Ldc Logo

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Choosing LDC Logo

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  • In 1940 a bet of $50,000 was placed with Raymond Loewy that he could not increase sales of the Lucky Strike cigarettes by simply redesigning the logo and packaging. Confident in his abilities he began re-design, his goal when designing was to make a logo that if seen just once would be imprinted in your memory, this was done using simplicity. The first change on Lucky Strike was to change the background to white, and place the logo on both sides of the packaging, this would reduce printing costs as well as increase brand exposure. He changed the text around the package to smaller sizes to not distract from the new logo design and to provide a clean white background. Needless to say he was awarded the $50,000 and increased Lucky Strikes profitability, not to mention created a design that is difficult to forget.Do these design changes sounds familiar? White background… Google. Remove text on packaging to not distract… Apple. Designers today are still using the same design tricks Raymond Loewy was using over 70 years ago to increase profitability. Have we come full circle to simplicity, or did simplicity ever leave?
  • Famous logos have these two things in common– distinctiveness and simplicity. The more complex a logo is, however, the less likely it will be that people will remember it.
  • two very important principles of logo design are a) using only 2-3 colors for a logo, and b) not mixing 2 or more different fonts together in the same design. Using more than 3 colors for a logo can make the logo difficult to memorize. Additionally, using 2 or more fonts can cause confusion.
  • Ldc Logo

    1. 1. LDCLogo<br />IDENTITY<br />
    2. 2. Raymond Loewy<br />
    3. 3. The Man Who Designed America<br />
    4. 4. SHELL n’ BP<br />
    5. 5. and of course RITZ<br />
    6. 6. "I'm no fan of cigarette marketing, but Loewy's vision for Lucky Strike (1940) might be the greatest packaging design ever”.<br />Mark Frauenfelde<br />Writer, illustrator, and co-founder of the Web's best blog, BoingBoing. <br />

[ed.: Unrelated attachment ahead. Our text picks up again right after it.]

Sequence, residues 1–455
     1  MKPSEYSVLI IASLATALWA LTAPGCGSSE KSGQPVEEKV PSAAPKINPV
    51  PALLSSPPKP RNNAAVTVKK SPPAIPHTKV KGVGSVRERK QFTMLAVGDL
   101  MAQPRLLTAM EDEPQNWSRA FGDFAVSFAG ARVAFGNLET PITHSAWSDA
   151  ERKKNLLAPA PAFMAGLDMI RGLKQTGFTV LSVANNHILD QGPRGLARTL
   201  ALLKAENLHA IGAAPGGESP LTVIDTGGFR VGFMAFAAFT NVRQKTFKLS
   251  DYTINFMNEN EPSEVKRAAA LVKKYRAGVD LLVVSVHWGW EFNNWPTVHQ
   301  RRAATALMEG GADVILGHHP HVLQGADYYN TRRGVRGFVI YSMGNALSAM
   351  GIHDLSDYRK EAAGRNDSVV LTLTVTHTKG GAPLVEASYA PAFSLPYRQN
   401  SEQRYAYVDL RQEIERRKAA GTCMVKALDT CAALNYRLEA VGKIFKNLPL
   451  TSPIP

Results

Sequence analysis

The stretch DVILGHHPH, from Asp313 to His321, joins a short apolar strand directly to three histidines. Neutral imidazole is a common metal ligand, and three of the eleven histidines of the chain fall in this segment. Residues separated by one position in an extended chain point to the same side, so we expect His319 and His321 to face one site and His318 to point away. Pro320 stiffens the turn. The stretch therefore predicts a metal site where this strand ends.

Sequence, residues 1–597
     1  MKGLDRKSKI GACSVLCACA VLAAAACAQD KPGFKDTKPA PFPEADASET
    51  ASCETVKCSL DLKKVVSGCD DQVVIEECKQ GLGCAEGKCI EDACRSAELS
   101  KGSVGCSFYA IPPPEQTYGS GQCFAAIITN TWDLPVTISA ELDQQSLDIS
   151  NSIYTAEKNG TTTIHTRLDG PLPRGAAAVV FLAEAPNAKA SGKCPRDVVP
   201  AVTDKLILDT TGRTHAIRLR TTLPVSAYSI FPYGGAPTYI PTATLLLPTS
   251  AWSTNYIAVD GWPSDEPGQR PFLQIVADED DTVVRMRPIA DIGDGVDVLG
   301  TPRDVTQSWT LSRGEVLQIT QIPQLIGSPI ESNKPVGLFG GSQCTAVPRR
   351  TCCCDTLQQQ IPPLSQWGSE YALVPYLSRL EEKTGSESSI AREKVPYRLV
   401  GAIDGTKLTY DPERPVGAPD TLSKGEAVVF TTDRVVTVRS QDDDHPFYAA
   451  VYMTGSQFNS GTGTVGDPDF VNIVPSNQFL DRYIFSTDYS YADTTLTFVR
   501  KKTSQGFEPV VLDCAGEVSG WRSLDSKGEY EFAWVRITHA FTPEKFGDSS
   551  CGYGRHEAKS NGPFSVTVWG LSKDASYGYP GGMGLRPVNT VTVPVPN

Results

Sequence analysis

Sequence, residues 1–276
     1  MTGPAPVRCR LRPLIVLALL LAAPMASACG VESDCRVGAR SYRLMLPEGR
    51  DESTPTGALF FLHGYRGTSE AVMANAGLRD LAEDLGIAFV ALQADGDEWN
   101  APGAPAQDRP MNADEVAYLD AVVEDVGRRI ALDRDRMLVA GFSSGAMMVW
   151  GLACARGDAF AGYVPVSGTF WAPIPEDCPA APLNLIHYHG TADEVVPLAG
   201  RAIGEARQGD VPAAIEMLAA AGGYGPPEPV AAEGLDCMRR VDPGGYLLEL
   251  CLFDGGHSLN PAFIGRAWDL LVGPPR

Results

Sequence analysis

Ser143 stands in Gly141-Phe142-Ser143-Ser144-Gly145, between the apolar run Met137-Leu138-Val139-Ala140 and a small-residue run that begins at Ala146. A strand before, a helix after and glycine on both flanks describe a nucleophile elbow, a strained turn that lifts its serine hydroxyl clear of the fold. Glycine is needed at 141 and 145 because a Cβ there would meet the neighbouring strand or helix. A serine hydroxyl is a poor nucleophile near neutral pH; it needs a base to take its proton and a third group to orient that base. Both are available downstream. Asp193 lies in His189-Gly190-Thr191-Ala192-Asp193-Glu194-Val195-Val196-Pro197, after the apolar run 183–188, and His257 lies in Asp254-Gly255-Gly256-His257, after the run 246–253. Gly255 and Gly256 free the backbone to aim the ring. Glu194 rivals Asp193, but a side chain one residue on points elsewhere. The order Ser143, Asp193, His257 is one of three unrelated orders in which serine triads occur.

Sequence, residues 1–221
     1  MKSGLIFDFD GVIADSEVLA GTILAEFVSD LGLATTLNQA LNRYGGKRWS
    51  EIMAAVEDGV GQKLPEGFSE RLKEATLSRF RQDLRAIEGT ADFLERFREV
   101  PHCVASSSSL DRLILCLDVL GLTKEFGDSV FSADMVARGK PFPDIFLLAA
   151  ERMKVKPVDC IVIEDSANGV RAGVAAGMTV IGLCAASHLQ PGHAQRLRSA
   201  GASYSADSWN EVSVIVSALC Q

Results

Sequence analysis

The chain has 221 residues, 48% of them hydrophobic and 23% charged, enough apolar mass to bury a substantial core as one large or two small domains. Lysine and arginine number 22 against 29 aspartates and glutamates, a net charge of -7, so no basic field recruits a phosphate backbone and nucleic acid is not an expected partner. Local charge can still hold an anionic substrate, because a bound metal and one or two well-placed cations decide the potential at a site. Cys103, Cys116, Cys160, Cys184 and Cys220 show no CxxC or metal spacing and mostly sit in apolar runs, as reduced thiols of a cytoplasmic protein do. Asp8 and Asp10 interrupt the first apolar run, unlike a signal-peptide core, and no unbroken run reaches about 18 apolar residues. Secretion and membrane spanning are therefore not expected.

7. 7.
    8. 8. In 1940 a bet of $50,000 was placed with Raymond Loewy that he could not increase sales of the Lucky Strike cigarettes by simply redesigning the logo and packaging. <br />Confident in his abilities he began re-design, his goal when designing was to make a logo that if seen just once would be imprinted in your memory, this was done using simplicity. <br />The first change on Lucky Strike was to change the background to white, and place the logo on both sides of the packaging, this would reduce printing costs as well as increase brand exposure. He changed the text around the package to smaller sizes to not distract from the new logo design and to provide a clean white background. <br />Needless to say he was awarded the $50,000 and increased Lucky Strikes profitability, not to mention created a design that is difficult to forget.<br />
    9. 9. Logo is Important<br />
    10. 10. It’s about identity<br />
    11. 11. It’s about branding<br />
    12. 12. Famous logos have these two things in common: distinctiveness and simplicity<br />
    13. 13. Important principles<br />using only 2-3 colours <br />not mixing 2 or more different fonts<br />
    14. 14.
    15. 15. Reasons for Change<br />
    16. 16. Reason 1<br />Lots of team change<br />
    17. 17. Reason 2<br />New VC New Year<br />
    18. 18. Reason 3<br />The current logo<br />
    19. 19.
    20. 20. Time to Change<br />
    21. 21. 3 New Designs<br />
    22. 22. Design one<br />
    23. 23.
    24. 24. Design two<br />
    25. 25.
    26. 26. Design three<br />
    27. 27.
    28. 28. Design four<br />
    29. 29.
    30. 30. Which?<br />We decide<br />

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